"Over the course of the years, these captive centres have matured to an extent that they are doing a lot of high-value works as well," said Arup Roy, principal analyst in Mumbai at technology research firm Gartner.
The Standard Chartered issue, he said, would "lead to much greater level of scrutiny, and the governance processes and the risk and compliance processes would be under the lens".
Standard Chartered said it has been in talks with U.S. authorities over its Iran transactions since early 2010 and said the public accusations by New York came as a shock.
On Wednesday, it won some help from Britain's central bank governor, who said the various regulators should coordinate action and publish findings only when investigations are complete.
While shipping of jobs by global banks to low-cost locations will continue, analysts said banks would have to invest more to strengthen internal processes and controls.
"What I have seen is that a lot of these discussions happen internally or in-house because security is obviously a dominant area of concern and by virtue of that a lot of them follow the book as they see," said Mayur Sahni, a Singapore-based senior market analyst for IDC Asia/Pacific. "But they don't revise the book when the newer version comes up," he said.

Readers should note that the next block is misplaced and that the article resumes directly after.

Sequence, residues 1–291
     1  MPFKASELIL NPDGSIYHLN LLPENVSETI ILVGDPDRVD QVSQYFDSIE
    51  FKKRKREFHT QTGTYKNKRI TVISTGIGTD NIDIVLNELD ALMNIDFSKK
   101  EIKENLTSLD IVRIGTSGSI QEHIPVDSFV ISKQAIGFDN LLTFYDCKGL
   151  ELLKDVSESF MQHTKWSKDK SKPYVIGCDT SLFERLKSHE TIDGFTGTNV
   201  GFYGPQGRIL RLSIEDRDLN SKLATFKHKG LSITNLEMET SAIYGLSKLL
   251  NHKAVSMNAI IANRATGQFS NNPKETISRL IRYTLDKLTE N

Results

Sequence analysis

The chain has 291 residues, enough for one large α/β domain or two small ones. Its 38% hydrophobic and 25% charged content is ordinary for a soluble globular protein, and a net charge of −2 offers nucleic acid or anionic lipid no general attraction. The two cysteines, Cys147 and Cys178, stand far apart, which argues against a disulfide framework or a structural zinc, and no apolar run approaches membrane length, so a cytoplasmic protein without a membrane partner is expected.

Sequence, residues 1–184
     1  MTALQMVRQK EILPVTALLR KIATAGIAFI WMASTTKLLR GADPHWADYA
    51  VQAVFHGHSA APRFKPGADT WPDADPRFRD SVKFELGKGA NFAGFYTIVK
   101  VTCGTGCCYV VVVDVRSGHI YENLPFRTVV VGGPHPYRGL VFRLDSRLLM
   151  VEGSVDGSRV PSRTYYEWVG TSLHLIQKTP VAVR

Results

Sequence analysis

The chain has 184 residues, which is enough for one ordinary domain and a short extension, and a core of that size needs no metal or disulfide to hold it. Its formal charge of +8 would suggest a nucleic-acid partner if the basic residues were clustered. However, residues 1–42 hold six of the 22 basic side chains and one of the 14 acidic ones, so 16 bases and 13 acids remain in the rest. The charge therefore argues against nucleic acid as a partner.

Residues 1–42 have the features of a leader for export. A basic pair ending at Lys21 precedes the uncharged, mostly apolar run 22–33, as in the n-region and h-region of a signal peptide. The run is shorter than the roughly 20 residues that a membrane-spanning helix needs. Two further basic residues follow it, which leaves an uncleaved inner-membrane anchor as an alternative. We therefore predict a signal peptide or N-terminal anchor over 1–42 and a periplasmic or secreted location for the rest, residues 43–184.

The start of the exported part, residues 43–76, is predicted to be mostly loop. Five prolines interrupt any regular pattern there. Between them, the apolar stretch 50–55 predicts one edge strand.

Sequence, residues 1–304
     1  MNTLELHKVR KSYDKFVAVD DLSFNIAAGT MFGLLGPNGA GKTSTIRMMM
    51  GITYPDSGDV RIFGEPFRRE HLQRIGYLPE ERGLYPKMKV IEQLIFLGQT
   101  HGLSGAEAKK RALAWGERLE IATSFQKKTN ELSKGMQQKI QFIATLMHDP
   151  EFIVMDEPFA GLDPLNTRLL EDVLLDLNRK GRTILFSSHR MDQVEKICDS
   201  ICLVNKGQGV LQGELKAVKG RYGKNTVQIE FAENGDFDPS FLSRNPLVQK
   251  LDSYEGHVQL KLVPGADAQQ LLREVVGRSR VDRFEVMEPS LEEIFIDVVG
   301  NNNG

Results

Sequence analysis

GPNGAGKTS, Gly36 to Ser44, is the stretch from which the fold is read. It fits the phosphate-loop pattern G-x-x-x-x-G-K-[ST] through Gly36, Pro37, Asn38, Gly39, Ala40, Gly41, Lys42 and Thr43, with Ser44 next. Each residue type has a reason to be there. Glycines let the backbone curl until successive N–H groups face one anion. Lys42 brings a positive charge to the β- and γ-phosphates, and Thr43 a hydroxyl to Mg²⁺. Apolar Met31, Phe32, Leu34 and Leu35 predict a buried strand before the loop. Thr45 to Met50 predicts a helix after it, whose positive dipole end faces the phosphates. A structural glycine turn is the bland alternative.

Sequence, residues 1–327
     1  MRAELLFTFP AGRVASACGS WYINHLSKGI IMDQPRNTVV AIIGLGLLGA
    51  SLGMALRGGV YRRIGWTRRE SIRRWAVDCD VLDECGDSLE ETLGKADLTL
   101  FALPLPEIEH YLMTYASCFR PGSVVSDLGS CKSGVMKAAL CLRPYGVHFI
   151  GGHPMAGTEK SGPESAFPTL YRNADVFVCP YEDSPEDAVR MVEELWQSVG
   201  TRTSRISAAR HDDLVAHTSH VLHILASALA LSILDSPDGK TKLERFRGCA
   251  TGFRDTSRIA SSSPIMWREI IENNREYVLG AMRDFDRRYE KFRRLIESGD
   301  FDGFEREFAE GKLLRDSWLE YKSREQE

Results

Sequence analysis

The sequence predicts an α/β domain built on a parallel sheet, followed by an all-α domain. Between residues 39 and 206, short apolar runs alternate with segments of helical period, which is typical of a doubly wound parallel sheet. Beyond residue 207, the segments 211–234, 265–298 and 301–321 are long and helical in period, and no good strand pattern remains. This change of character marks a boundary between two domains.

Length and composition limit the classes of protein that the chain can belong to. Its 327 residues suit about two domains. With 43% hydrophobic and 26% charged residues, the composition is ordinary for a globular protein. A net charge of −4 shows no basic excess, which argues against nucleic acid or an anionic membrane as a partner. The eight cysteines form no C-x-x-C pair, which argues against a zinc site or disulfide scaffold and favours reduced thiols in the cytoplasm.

Most banks are reluctant to talk about their offshore operations in India. Standard Chartered, JPMorgan, HSBC and RBS declined to comment when contacted by Reuters, while Barclays, Bank of America Merrill Lynch, and Goldman Sachs did not immediately respond to emails.
Financial services firms can cut costs by one-third or more by shifting work to in-house operations in India.
The global market for back-office offshore services was $4 billion in 2010 and will grow to $9.4 billion by 2015, according to IDC. The financial sector accounts for the biggest share.
The New York regulator's accusations come close on the heels of a backlash in Britain after customers of RBS and its Natwest unit were left locked out of their accounts for a week due to an inexperienced IT operator in Hyderabad, media reports said.
A recent U.S. Senate probe criticising anti-money laundering controls at HSBC identified deficiencies in the work done by its "offshore reviewers" in India, according to media reports.
HSBC has one of the biggest captive operations in India, with about 20,000 people spread across seven locations.
In 2006, the security of Indian back office operations came under scrutiny after a British TV channel's investigation showed that criminal networks in India traded British consumers' account details and other commercial information for profit.
In the same year, a worker at HSBC's Bangalore centre was arrested after being caught by internal security for taking funds from British bank customers.
"When you offshore, you can't sort of offshore your problems. You have got to have a proper structure in place and you have to have more centralisation of processes," said IndusView's Rangar.
"And once you do that, it really shouldn't matter as to whether you are based in Houston or Edinburgh or Chennai."